Council opts to give faculty majority vote

By Tom Omiatek

After much discussion, members of the University Council decided to revise a proposal which would give faculty members a majority vote on the council.

Jim Giles, executive secretary to the council, said constitutional changes would give faculty more voting power by taking away votes from the administrators and giving these votes to eight additional faculty representatives. These changes were reviewed by council members for the first time at a special meeting Tuesday night.

Giles said before the meeting the administrators had agreed to give up their votes because they felt NIU “was mature enough a university to have a faculty senate.” He said giving the faculty more vote on the council is a compromise to the formation of a faculty senate because student members would retain their voting power and the administrators would remain as ex-officio members on the council.

Most of the opposition to this change came from the student members who agreed an increase of faculty votes is necessary for some issues, but said they thought not all decisions should be restricted to a faculty majority vote, Student Association President Jim Fischer said.

SA Treasurer Lisa Schlepp said it is important to keep the votes of the administrators on the council. “Faculty have different needs and concerns than administrators. I still feel the best council is to have the representation as it stands,” she said.

Giles said after the meeting he was disappointed with the council’s progress. “I feel sure that the faculty members are not going to stop asking for a stronger voice on the council. It appears that under the current system we can’t get that because of the student opposition,” he said.

Fischer said, “We (the student members) made some progress and we have to get together to make a recommendation to the task force.” He said he was not sure what they would recommend.

One possibility, he said, would be to give the faculty variable input. “I hope they develop something that addresses the concerns of both the faculty and the staff,” he said.

The council members voted by a “narrow margin” to not approve the proposed policy for giving faculty more votes, Giles said. The council instead asked that some other version of a policy be drawn up that would give the faculty the majority of the voting membership.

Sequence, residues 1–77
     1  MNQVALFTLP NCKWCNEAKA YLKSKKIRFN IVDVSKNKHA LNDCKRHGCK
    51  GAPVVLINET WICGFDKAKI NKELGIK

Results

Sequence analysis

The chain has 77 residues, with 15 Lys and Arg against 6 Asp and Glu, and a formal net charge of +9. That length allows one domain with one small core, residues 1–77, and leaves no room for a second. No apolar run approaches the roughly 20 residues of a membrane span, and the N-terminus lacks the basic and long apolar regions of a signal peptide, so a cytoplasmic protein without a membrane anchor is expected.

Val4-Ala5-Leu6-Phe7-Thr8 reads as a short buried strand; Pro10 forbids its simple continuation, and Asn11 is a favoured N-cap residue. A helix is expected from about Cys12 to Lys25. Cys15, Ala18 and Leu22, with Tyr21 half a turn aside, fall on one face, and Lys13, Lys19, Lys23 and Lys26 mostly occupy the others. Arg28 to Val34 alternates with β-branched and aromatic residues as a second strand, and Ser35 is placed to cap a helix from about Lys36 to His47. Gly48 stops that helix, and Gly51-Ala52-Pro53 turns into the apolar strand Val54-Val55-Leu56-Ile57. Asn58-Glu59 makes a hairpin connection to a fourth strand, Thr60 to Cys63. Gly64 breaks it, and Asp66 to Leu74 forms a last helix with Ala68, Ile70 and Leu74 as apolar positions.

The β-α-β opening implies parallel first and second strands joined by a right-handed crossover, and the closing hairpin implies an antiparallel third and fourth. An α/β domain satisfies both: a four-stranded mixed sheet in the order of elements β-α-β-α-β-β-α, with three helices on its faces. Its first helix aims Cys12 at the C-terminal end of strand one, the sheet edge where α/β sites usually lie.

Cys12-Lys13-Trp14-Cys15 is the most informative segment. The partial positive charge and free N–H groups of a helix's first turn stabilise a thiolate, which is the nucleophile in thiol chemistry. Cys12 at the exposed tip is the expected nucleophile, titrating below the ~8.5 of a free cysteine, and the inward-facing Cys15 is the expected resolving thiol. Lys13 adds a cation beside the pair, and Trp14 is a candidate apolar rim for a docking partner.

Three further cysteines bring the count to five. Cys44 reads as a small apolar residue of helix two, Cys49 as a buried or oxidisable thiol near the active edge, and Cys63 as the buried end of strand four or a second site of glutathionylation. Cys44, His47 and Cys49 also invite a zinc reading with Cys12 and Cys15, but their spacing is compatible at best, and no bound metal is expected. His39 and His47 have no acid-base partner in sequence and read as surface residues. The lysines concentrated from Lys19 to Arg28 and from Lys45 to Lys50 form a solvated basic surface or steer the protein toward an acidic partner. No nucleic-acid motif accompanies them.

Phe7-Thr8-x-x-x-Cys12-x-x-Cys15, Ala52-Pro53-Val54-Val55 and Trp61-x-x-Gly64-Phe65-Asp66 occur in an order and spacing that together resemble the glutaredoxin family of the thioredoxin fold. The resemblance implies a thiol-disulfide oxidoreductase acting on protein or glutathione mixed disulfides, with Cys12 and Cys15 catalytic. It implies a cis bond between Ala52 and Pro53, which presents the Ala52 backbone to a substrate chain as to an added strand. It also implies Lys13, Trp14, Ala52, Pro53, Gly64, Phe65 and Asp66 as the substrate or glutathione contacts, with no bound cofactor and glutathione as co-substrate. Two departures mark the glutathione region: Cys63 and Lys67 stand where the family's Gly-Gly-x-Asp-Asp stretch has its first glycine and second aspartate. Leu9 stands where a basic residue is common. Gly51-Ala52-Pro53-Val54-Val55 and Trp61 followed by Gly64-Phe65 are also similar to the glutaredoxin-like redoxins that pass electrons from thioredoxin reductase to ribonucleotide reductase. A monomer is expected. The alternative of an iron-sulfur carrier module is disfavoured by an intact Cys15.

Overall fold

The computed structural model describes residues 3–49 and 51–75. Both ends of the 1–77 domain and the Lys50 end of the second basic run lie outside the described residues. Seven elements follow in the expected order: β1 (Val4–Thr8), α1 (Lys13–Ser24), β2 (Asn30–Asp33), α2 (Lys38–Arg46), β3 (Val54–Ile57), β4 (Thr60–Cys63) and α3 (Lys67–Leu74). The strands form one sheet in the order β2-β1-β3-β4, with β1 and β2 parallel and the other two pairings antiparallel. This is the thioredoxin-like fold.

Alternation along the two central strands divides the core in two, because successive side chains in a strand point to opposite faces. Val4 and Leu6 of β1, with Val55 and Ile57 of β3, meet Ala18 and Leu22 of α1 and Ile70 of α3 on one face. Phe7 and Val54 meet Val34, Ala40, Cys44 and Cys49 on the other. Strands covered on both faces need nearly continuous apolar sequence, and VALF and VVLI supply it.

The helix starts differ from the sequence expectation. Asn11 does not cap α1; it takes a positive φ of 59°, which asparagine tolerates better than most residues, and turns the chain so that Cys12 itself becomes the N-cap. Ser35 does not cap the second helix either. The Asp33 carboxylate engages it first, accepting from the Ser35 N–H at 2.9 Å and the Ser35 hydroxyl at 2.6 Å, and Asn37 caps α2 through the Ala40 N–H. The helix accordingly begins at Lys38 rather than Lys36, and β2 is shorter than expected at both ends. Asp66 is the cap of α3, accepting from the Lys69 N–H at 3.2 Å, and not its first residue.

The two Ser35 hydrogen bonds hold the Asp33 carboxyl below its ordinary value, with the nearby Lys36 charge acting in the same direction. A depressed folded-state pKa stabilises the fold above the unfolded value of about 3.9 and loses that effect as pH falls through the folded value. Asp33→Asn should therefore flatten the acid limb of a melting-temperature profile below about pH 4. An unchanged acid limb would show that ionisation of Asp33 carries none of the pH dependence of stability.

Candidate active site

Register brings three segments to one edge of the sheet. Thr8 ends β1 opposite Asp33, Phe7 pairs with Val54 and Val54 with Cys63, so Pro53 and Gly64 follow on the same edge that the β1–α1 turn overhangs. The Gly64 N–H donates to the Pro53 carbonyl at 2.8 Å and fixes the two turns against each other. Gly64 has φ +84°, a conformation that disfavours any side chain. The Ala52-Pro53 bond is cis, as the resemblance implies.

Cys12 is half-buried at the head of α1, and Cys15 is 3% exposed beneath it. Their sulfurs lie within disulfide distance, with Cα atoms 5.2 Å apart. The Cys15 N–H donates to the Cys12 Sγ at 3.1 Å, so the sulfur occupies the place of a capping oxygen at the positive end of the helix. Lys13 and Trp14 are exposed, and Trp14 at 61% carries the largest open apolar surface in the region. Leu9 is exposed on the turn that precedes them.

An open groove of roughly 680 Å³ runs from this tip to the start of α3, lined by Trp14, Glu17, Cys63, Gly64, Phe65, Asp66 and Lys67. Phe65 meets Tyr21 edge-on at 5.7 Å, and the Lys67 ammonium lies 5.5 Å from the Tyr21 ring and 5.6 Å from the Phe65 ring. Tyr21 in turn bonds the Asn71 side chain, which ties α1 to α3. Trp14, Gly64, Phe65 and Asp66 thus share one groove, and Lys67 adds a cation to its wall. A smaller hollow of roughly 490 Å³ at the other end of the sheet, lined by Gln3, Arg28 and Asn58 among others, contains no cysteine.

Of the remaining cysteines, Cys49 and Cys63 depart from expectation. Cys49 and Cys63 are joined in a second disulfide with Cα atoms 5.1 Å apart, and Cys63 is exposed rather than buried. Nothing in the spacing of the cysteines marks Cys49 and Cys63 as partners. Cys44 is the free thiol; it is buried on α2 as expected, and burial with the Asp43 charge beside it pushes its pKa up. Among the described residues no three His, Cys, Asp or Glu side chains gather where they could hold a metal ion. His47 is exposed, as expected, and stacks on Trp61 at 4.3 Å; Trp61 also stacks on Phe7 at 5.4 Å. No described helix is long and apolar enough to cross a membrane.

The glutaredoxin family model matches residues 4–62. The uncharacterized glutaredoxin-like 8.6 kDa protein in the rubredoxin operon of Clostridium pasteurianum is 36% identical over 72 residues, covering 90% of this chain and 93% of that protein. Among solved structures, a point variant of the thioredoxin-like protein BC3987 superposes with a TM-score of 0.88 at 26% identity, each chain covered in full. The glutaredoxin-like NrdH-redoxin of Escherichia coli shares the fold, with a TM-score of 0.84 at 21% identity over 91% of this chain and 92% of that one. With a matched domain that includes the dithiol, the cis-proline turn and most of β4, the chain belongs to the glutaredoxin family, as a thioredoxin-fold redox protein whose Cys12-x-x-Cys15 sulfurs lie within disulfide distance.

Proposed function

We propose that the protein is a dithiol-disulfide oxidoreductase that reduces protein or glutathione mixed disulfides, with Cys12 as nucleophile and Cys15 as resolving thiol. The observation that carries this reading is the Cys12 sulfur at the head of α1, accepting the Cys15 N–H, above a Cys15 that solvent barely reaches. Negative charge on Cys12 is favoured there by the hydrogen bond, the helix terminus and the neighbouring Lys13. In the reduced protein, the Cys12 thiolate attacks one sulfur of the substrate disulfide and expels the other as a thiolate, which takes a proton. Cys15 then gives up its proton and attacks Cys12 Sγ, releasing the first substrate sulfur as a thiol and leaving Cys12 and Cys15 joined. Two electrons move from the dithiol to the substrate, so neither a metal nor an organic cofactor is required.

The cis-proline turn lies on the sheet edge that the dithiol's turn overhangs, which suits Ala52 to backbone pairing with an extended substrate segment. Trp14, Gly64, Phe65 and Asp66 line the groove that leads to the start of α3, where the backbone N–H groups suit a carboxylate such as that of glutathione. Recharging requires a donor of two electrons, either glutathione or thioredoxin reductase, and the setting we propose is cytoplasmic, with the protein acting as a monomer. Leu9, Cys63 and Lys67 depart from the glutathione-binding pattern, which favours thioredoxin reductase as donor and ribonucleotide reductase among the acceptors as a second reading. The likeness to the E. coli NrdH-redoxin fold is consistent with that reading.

Giles said, “The students are seeing more conflict of their interests and faculty interest than there really is.”

Giles said changes in the bylaws which are not related to the proposed policy to increase faculty voting power would begin to be revised by the task force.

The meeting was to act as an “open hearing” to allow reactions and input from the council members concerning the changes to the constitution. The council’s task force wanted the council’s reaction to the proposed revision before further work was done on the bylaws, Giles said.

James Banovetz, the primary author of the proposed constitutional changes, said most changes will be in the bylaws. “We (the task force) have already begun to evolve enough of these concepts (for changes), but to get there we will need the restructuring of the constitution to pave the way. Throughout the process we have tried to maximize the input at vital steps, and that’s what this (meeting) is,” Banovetz said.

Banovetz said there are four main types of changes in the proposed constitution. He said the first change is to update it. “The constitution has a tendency to not be in accordance with the evolving practices,” he said.

The second change is in the structure and responsibilities of the council and the role of the elected faculty members. The other changes are in the amount of the council’s control over its committees and the amending processes of the constitution, he said.